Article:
Twitter unveils initiatives aimed at making money from its users’ data and behavior.
Technology Review, the award winning magazine from MIT, is the only publication you need to keep up with what's happening in every area of emerging technology. Audible Technology Review incorporates key feature stories from the magazine and is published ten times each year. Get the latest issue or subscribe!
"In-depth and well-rounded"
Scientific American is the most well-known and most highly-respected science and technology monthly in the world. It plays a vital role in bringing scientific and technological achievement to the attention of the general public. Get the latest issue or subscribe!
"Interesting marred by poor narration"
Turn to Science News for the latest coverage of biology, astronomy, the physical sciences, behavioral sciences, math and computers, chemistry, and earth science. Since its debut in 1922, the publication has been known for its sharp writing and up-to-date coverage of the latest scientific research. Science News is committed to providing reports on scientific and technical developments that the layman will find interesting and easy to digest.
Science News is available in audio exclusively at Audible.
"Right level of detail"
Winston Churchill steered Britain through its darkest hours during World War II. He was one of the 20th century's greatest orators, and the speeches that he painstakingly composed, rehearsed, and delivered inspired courage in an entire nation. Churchill's output was prolific; his complete speeches alone contain over 5 million words.
"This fits my life -- and probably yours."
Scientific American is the most well-known and most highly-respected science and technology monthly in the world. It plays a vital role in bringing scientific and technological achievement to the attention of the general public.
There’s more than one way to read these stories. Sure, the subjects are inspiring and creative people. But these are not merely personality profiles.
A complex global burden, that affects one third of Americans, could be solved by using techniques that have proved effective in treating autism, stuttering and alcoholism.
The Islamic State is an Internet phenomenon as much as a military one. Counteracting it will require better tactics on the battlefield of social media.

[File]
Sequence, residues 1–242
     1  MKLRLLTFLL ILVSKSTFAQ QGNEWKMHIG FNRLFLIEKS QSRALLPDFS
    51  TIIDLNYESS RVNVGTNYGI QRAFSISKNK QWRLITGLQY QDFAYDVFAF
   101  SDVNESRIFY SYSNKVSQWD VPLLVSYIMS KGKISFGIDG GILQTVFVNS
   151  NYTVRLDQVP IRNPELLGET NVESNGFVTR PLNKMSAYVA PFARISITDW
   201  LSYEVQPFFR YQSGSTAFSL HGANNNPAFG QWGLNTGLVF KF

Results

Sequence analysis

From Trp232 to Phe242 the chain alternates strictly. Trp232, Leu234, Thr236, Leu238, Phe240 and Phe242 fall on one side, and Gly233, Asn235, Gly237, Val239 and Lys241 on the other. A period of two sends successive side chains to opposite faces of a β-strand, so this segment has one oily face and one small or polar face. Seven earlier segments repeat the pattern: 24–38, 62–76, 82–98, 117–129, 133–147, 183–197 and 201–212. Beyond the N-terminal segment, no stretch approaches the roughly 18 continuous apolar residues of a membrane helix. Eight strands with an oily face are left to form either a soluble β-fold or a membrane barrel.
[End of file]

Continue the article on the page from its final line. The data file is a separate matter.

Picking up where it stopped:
Shari S. Bassuk, an epidemiologist at Brigham and Women’s Hospital, Timothy S. Church, a professor at the Pennington Biomedical Research Center at Louisiana State University, and JoAnn E. Mason, chief of the division of preventive medicine at Brigham and Women’s Hospital, explain why being active is good for many reasons beyond the old familiar ones.
It sends texts with last-minute requests for extra shifts and won’t consider requests for a raise. Yes, the software that manages drivers for Uber has a few things in common with unpopular human bosses.
In this issue: "Sleep on It!": Your nightly rest turns out to affect your mind and health more than anyone suspected. "Neutrinos at the Ends of the Earth": Dozens of particles from halfway across the universe have landed in the IceCube experiment at the South Pole. These messengers could help answers some long-standing cosmic conundrums. "The Fat Gene": The genetic mutation in prehistoric apes may underlie today's pandemic of obesity and diabetes. "Stars of the Dead": Mysterious tables of astronomical information have been found in 4,000-year-old coffins. What in the world was their purpose?
Game theory suggests how to stop the pervasive abuse of drugs in baseball, cycling, and other sports. Learn more in "The Doping Dilemma", an article from the April 2008 edition of Scientific American.
In this issue: "The Pyramid Effect": The construction of Egypt's most famous monument spawned a social organization that changed the world. "Seeing in the Dark": The ambitious new Dark Energy Survey aims to solve the riddle of why space is expanding at an ever faster pace. "Disease Detector": Tiny new probes can diagnose infections in 20 minutes, knocking days off the wait for results and saving lives. "The Battle of Olives": Mistrust among growers and scientists may threaten Italy's olive groves more than the nasty bacterium they are fighting.